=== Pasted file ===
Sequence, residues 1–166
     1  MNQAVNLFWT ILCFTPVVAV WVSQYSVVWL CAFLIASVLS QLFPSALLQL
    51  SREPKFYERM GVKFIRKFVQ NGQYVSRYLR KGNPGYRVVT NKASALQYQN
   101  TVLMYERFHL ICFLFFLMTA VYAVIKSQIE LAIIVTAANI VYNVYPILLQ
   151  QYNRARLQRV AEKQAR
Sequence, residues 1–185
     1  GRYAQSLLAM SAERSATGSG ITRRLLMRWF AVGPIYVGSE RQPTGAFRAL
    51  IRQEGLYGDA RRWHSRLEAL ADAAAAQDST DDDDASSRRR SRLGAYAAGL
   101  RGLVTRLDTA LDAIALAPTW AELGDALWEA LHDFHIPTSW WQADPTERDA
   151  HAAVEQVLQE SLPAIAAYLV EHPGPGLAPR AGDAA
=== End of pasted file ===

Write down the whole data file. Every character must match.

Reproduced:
Sequence, residues 1–166
     1  MNQAVNLFWT ILCFTPVVAV WVSQYSVVWL CAFLIASVLS QLFPSALLQL
    51  SREPKFYERM GVKFIRKFVQ NGQYVSRYLR KGNPGYRVVT NKASALQYQN
   101  TVLMYERFHL ICFLFFLMTA VYAVIKSQIE LAIIVTAANI VYNVYPILLQ
   151  QYNRARLQRV AEKQAR
Sequence, residues 1–185
     1  GRYAQSLLAM SAERSATGSG ITRRLLMRWF AVGPIYVGSE RQPTGAFRAL
    51  IRQEGLYGDA RRWHSRLEAL ADAAAAQDST DDDDASSRRR SRLGAYAAGL
   101  RGLVTRLDTA LDAIALAPTW AELGDALWEA LHDFHIPTSW WQADPTERDA
   151  HAAVEQVLQE SLPAIAAYLV EHPGPGLAPR AGDAA